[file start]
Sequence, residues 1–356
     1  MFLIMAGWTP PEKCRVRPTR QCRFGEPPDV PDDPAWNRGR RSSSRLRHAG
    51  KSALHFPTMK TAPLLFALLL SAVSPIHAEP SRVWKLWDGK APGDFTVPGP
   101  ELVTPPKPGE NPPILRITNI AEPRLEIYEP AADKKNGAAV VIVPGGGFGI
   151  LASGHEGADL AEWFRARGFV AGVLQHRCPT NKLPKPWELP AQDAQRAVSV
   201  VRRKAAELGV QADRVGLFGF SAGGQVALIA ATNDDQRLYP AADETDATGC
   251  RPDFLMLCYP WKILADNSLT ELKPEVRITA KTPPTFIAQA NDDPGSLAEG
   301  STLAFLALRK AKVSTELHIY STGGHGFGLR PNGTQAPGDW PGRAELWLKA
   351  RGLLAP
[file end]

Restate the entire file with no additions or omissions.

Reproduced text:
Sequence, residues 1–356
     1  MFLIMAGWTP PEKCRVRPTR QCRFGEPPDV PDDPAWNRGR RSSSRLRHAG
    51  KSALHFPTMK TAPLLFALLL SAVSPIHAEP SRVWKLWDGK APGDFTVPGP
   101  ELVTPPKPGE NPPILRITNI AEPRLEIYEP AADKKNGAAV VIVPGGGFGI
   151  LASGHEGADL AEWFRARGFV AGVLQHRCPT NKLPKPWELP AQDAQRAVSV
   201  VRRKAAELGV QADRVGLFGF SAGGQVALIA ATNDDQRLYP AADETDATGC
   251  RPDFLMLCYP WKILADNSLT ELKPEVRITA KTPPTFIAQA NDDPGSLAEG
   301  STLAFLALRK AKVSTELHIY STGGHGFGLR PNGTQAPGDW PGRAELWLKA
   351  RGLLAP